comScore Stunt Workers Call Out Amazon's Lord of the Rings Set Safety | The Mary Sue

Stunt Performers Accuse Amazon’s Lord of the Rings Series of Unsafe Work Conditions

Three stunt workers have sustained serious injuries on the set.

 

Elijah Wood in The Lord of the Rings: The Fellowship of the Ring (2001)

Amazon is betting big on their highly anticipated Lord of the Rings series, whose first season alone boasts a $465 million dollar budget, making it the most expensive television series ever produced. For comparison, HBO’s lavish Game of Thrones cost roughly $100 million per season. But Amazon’s foray into the world of Tolkien has already received criticism from the stunt team working on the series.

An article in the New Zealand Herald reports that at least 3 stunt workers on the series have been seriously injured, and have accused the senior stunt supervisor of creating an unsafe work environment. The stunt workers also accuse the show of failing to inform WorkSafe NZ (New Zealand’s version of OSHA) of the injuries.

Veteran New Zealand stunt woman Dayna Grant, who doubled for Lucy Lawless in Xena: Warrior Princess, suffered a concussion on set. Scans later revealed an 8mm brain aneurysm and an upper spinal injury, and a Give a Little donation page was set up to raise funds for her surgery, with Lawless matching fan donations with her own.

Lawless also questions the series’ failure to report the injury, tweeting “By the bye, how does NZ’s ACC decide that a stunt woman’s aneurysm isn’t ‘work related’? Are they afraid of all the sports claims coming?”

For that matter, why didn’t Amazon give Grant the money for the surgery? $60k is NOTHING to them. It’s especially confusing considering the company paid Australian stuntwoman Elissa Cadwell $500,000 after she sustained an on-set injury. The payment was reportedly for Caldwell to “return home and get settled in Australia”, and Amazon maintains it was not in any way an admission of guilt. Caldwell’s injury also went unreported to WorkSafe.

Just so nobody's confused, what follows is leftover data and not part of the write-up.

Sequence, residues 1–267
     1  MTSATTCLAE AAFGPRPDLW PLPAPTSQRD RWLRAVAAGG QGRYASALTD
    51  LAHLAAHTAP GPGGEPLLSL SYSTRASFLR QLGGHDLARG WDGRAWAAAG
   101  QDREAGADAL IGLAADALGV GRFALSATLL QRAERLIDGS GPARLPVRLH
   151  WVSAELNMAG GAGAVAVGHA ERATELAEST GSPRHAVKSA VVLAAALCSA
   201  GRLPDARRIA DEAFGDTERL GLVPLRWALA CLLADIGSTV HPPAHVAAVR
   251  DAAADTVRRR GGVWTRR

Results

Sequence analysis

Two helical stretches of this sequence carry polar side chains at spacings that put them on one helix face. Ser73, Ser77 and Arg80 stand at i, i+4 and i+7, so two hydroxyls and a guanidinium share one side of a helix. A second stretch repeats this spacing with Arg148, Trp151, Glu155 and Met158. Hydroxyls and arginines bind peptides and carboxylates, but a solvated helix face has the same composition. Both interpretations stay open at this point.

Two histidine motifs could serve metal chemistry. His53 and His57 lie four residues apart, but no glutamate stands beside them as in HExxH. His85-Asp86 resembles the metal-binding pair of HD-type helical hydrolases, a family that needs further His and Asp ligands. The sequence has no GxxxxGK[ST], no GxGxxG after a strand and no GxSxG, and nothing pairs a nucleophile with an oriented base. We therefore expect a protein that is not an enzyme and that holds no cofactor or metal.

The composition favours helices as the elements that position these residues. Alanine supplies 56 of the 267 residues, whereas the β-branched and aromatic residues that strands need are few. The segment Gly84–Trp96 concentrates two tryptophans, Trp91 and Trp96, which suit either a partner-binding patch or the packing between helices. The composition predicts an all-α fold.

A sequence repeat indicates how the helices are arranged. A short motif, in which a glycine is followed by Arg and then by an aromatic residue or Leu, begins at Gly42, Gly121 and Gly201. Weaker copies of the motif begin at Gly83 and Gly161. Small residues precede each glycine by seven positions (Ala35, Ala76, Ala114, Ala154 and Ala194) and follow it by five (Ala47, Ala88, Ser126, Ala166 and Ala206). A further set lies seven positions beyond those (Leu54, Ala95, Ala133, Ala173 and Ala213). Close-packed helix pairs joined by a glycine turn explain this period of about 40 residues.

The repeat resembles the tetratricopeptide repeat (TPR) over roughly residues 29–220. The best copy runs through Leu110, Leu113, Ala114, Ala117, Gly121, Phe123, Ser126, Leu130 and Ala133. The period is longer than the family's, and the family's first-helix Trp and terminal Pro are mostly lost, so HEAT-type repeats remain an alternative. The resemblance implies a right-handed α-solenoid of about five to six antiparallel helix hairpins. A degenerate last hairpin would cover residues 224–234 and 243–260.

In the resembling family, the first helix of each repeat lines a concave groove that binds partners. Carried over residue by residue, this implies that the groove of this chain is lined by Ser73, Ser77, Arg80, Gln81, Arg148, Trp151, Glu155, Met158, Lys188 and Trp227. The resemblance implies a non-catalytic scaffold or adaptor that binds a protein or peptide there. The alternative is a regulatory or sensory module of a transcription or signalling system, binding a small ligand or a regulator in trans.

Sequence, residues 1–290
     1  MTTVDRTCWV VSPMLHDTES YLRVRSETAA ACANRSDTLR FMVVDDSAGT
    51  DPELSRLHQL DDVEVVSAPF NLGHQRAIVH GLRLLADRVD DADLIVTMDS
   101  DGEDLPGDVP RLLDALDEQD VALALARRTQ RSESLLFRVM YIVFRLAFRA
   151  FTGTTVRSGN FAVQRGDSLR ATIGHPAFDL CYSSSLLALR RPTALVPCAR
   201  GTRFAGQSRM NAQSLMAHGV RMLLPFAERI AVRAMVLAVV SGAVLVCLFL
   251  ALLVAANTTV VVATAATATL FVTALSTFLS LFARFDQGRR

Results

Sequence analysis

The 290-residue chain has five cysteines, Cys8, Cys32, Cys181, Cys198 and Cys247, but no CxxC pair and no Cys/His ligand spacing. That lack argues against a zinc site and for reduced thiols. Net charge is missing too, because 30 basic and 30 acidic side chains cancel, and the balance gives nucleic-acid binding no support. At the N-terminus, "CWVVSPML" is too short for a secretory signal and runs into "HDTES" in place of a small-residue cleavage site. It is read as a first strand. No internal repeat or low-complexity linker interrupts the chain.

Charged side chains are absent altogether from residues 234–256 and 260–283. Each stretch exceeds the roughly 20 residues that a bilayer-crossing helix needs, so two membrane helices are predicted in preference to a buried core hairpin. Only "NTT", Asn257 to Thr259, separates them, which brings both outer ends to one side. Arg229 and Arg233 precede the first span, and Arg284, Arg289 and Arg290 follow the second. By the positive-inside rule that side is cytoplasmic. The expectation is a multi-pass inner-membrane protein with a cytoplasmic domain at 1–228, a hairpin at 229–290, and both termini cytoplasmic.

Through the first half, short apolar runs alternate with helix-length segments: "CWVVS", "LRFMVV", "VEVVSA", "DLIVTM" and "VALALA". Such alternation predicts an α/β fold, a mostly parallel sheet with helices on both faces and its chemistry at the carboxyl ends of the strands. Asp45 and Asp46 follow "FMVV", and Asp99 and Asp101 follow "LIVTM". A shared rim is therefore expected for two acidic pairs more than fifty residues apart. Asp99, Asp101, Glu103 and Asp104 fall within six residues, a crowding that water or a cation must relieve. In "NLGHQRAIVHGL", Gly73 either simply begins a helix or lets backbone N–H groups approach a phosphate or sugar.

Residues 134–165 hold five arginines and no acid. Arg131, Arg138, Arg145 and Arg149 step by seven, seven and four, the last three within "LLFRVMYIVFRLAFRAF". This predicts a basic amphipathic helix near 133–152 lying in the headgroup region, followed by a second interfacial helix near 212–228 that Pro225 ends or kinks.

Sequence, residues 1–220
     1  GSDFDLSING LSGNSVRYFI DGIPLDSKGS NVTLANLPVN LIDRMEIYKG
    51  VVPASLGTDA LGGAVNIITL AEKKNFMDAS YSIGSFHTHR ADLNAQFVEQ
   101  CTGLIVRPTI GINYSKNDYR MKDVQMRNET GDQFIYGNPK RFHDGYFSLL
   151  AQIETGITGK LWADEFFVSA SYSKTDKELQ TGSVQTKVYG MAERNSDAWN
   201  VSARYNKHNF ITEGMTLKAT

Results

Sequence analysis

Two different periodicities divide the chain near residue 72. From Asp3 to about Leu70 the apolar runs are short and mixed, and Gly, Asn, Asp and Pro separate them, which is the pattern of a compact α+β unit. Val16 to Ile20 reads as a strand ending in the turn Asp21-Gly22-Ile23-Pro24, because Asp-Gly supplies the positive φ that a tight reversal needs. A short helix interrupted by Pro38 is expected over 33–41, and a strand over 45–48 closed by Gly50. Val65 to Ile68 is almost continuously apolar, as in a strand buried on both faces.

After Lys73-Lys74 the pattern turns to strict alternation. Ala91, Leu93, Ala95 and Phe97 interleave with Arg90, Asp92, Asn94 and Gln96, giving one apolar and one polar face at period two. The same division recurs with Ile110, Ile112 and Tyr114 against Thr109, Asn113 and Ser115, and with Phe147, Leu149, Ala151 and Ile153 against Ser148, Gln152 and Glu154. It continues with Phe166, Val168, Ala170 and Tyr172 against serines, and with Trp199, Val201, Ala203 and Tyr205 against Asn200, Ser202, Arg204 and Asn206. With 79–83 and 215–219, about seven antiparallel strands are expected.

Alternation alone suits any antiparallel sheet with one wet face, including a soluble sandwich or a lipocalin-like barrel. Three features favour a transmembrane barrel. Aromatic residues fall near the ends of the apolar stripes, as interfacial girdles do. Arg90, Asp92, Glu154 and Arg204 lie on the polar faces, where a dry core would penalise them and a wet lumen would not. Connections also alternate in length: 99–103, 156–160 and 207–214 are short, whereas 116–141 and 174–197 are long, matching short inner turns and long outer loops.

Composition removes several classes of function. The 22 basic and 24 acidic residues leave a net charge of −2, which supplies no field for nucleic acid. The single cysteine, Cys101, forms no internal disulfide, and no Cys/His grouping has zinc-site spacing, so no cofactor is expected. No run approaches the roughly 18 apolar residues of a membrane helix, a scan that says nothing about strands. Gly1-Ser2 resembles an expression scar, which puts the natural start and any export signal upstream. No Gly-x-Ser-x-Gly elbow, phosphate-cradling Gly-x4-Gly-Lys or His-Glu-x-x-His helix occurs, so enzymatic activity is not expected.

New Zealand stunt worker Thomas Kiwi called out the production for unsafe practices, saying that a backflipping stunt injured his right shoulder’s rotator cuff. Kiwi says he repeatedly complained of poor rigging in a support wire stunt, and called the production for having some of the worst safety standards he’s ever worked under. Kiwi said, “It’s got the most money and yet the way they run it and do things is so unsafe. It’s not good, man, especially with the budget.”

Kiwi added that he was given no prep for the stunt, which is customary procedure on sets, saying “They should have everything on spreadsheet. They should have everything on photos [of the rig setup]. It’s just basic stuff that they should have done. None of this happened. They just chucked me in their harness.”

Several anonymous stunt workers came forward in the article, accusing Amazon of paying off injured workers so they wouldn’t lose their production insurance through WorkSafe. “It’s cheaper to pay them. You lose all your insurance on your film set because if you can’t have a safe practice worksite, you’re stuffed,” said one stunt worker.

An Amazon spokeswoman said, “Amazon Studios takes the health, physical and emotional welfare of our cast and crew extremely seriously, … As a top priority, the production team continues to be in full compliance with the mandated WorkSafe NZ Safety and Security government regulations. Any allegation or report that activities on set are unsafe or outside of regulations are completely inaccurate.”

(via New Zealand Herald, image: New Line Cinema)

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Chelsea was born and raised in New Orleans, which explains her affinity for cheesy grits and Britney Spears. She currently lives in sunny Los Angeles, with her husband and two poorly behaved rescue dogs. She is a former roller derby girl and a black belt in Judo, so she is not to be trifled with. She loves the word “Jewess” and wishes more people used it to describe her.